The American Humanist Association’s ad campaign in Washington, DC, which asks, “Why believe in God? Just be good for goodness’ sake”, has provoked a number of sharp responses from Christians. The American Family Association’s president, Tim Wildmon, said, for example:
It’s a stupid ad. How do we define ‘good’ if we don’t believe in God? God in his word, the Bible, tells us what’s good and bad and right and wrong. If we are each ourselves defining what’s good, it’s going to be a crazy world.
Around the blogosphere, Christians have echoed the same argument, which has got me chuckling, for it’s debunked in of all places the Bible itself. As Paul wrote in Romans 2:14-15 (NASV):
For when Gentiles who do not have the Law do instinctively the things of the Law, these, not having the Law, are a law to themselves, in that they show the work of the Law written in their hearts, their conscience bearing witness and their thoughts alternately accusing or else defending them,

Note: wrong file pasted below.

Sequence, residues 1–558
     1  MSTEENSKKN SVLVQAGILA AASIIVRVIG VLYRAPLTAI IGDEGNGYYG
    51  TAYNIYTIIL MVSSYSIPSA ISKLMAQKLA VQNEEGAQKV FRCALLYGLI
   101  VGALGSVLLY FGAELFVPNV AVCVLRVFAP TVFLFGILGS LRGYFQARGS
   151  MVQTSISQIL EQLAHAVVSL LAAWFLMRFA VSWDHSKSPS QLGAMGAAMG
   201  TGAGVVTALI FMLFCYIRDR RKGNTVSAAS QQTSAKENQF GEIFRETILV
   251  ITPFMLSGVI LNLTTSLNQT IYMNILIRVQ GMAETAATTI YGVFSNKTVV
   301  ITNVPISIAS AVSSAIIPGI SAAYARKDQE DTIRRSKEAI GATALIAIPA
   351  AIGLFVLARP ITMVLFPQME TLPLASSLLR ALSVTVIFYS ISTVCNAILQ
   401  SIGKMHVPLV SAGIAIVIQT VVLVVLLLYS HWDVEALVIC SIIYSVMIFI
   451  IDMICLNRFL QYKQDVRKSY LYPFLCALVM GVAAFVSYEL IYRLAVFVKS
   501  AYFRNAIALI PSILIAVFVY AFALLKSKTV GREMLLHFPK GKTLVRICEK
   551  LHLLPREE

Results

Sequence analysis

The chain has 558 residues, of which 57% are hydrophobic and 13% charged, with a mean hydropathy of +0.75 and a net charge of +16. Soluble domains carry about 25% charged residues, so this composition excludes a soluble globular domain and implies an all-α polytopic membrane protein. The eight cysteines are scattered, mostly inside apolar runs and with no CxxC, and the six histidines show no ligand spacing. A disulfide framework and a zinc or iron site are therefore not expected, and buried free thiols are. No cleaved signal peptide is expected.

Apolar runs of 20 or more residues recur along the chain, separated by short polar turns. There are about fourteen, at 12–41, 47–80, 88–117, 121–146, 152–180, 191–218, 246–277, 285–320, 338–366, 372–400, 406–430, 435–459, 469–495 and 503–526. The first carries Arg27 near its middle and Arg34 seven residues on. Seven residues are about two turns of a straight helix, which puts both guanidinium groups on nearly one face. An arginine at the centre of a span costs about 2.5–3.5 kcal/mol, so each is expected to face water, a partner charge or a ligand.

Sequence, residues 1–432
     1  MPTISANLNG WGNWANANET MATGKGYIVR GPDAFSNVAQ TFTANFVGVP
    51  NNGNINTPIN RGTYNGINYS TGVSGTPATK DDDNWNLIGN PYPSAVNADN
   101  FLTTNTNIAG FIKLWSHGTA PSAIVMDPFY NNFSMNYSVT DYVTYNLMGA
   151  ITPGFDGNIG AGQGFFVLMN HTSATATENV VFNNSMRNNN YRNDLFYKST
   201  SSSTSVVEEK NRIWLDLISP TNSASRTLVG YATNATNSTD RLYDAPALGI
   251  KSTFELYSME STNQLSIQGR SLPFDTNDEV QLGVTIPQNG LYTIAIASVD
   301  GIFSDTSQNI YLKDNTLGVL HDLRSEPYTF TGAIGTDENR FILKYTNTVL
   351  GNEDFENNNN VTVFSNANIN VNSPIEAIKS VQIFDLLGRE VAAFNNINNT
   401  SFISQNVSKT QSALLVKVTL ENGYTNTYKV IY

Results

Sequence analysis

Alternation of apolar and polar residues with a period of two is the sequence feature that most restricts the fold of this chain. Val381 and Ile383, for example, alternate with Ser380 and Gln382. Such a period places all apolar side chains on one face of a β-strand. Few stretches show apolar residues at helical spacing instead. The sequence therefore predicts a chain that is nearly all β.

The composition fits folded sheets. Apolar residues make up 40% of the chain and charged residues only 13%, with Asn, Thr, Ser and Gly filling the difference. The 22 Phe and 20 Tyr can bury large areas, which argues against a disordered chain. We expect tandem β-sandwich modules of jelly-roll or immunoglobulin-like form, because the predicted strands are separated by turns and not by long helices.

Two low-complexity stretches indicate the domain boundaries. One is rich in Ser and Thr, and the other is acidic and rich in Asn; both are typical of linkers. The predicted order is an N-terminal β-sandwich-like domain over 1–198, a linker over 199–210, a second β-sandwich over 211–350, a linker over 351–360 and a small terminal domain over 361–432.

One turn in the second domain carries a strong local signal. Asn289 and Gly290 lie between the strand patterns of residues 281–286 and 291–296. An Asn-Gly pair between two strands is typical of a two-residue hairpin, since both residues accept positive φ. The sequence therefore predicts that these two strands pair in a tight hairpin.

Paul did not originate this idea of a divinely engraved law; it’s found throughout the Bible. Psalms 19:1-4 (NASV):
The heavens are telling of the glory of God; and their expanse is declaring the work of His hands. Day to day pours forth speech, and night to night reveals knowledge. There is no speech, nor are there words; their voice is not heard. Their line has gone out through all the earth, and their utterances to the end of the world in them He has placed a tent for the sun,
And it’s not like no one has ever noticed these scriptures. The existence of a “moral law” has been a constant refrain from Christians throughout the centuries, with Christian apologist C. S. Lewis being a recent popularizer (see, e.g., Mere Christianity).
The Christian response to the AHA’s ad reflects a baffling ignorance of their own doctrine. They can’t simultaneously argue one can’t be good without a belief in God, on the one hand, and then maintain that God’s law is written on the heart of every human, on the other. Does atheism somehow rescind a divine act?